Tag Archives: William J. Cobb

The Bird Saviors

The Bird Saviors by William J. Cobb (Unbridled Books; 320 pages; $25.95).

The premise of William J. Cobb’s The Bird Saviors sounds intriguing and timely.  An in-depth reading of the novel, however, soon reveals just how far Cobb misses the mark.

Dead birds, massive climate changes, oil crises, viruses,  uncertain futures, cults, religious fundamentalism, war in the Middle East–all of these are popular apocalyptic topics Cobb uses in his story.  The Bird Saviors also becomes a coming-of-age tale with Ruby, a teen mom who loves her daughter, Lila, with all her heart and would do anything to protect the child, even if that means leaving her behind.  Ruby is Cobb’s most well-developed character.  Her father, who she calls “Lord God,” is also finely crafted and more than a little scary.  If only Cobb had kept his narrative focus on Ruby.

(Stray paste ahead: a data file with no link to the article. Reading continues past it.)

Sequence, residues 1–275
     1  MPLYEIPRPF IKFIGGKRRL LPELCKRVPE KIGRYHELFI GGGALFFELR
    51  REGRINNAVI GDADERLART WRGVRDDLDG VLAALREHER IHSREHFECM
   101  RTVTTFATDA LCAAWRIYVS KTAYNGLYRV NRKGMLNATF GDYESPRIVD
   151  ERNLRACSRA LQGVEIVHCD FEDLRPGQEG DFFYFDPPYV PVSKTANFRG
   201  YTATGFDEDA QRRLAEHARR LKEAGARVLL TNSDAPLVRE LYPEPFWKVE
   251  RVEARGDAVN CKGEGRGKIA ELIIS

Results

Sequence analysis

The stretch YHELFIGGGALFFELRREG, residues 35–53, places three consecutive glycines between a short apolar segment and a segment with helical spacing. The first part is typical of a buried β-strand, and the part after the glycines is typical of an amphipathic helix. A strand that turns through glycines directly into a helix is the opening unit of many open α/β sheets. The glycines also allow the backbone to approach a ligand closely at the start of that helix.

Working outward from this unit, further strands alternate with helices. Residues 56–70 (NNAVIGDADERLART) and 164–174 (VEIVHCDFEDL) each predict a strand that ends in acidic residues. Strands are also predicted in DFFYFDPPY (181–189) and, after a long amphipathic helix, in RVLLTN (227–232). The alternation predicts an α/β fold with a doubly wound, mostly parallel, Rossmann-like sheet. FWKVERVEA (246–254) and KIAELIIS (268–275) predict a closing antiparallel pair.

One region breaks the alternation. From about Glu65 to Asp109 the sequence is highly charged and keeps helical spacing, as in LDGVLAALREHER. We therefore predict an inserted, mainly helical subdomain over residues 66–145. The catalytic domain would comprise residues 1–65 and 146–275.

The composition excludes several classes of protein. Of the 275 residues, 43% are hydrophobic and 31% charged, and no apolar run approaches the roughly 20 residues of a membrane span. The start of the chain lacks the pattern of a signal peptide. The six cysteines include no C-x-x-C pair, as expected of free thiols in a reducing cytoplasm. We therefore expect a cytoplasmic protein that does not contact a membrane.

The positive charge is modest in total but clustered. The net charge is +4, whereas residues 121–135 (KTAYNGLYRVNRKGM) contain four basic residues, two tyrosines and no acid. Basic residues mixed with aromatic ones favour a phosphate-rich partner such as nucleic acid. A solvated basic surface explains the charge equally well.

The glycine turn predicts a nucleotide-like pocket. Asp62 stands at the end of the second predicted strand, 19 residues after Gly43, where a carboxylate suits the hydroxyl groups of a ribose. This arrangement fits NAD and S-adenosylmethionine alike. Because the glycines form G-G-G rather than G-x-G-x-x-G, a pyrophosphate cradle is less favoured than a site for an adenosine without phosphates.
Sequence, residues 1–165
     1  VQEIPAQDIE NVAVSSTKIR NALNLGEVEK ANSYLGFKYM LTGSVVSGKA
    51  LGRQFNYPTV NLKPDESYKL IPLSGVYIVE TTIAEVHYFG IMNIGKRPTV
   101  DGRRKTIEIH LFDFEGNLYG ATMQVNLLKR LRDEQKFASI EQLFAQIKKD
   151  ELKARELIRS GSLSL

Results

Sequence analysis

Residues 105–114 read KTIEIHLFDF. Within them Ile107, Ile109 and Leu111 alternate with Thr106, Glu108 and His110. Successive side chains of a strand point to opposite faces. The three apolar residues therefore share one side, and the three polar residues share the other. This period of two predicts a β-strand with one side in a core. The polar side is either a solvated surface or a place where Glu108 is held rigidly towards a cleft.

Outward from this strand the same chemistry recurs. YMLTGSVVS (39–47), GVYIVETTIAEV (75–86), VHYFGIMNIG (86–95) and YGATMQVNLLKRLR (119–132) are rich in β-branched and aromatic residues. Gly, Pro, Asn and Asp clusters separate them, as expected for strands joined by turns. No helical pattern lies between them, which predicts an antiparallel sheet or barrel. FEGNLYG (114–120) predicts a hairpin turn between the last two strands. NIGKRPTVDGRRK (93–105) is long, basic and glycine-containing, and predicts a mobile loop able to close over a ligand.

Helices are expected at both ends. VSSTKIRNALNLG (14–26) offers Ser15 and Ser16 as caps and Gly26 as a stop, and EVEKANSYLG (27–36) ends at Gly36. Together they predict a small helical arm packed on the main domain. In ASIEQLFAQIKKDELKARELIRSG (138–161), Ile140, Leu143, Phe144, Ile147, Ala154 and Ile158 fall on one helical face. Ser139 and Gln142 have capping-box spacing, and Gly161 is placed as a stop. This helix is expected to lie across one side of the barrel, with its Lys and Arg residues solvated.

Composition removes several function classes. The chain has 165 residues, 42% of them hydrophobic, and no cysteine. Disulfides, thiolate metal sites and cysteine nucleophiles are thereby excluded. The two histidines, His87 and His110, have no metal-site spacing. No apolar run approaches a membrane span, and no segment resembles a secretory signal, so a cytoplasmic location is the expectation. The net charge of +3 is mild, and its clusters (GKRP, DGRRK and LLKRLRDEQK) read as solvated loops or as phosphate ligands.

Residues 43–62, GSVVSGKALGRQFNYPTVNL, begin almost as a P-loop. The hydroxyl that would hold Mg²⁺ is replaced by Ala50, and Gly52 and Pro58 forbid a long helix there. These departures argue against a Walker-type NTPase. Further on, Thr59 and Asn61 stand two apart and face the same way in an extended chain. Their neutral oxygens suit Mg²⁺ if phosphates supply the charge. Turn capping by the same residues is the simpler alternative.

Instead, Cobb shifts perspective away from his star to other, less interesting, less believable, and less likeable characters–people I never connected with nor cared about.  The Bird Saviors would have been a wonderful novel if Cobb had chosen to tell the tale solely from Ruby’s point of view.  Cobb, in his narrative shifts, bungles the story, and the result is jumbled and unfocused.

I was hoping for something akin to Summer of the Apocalypse by James Van Pelt or Into the Forest by Jean Hegland.  The Bird Saviors, despite its early promise, falls short.  Even poor little Ruby cannot save this tale.

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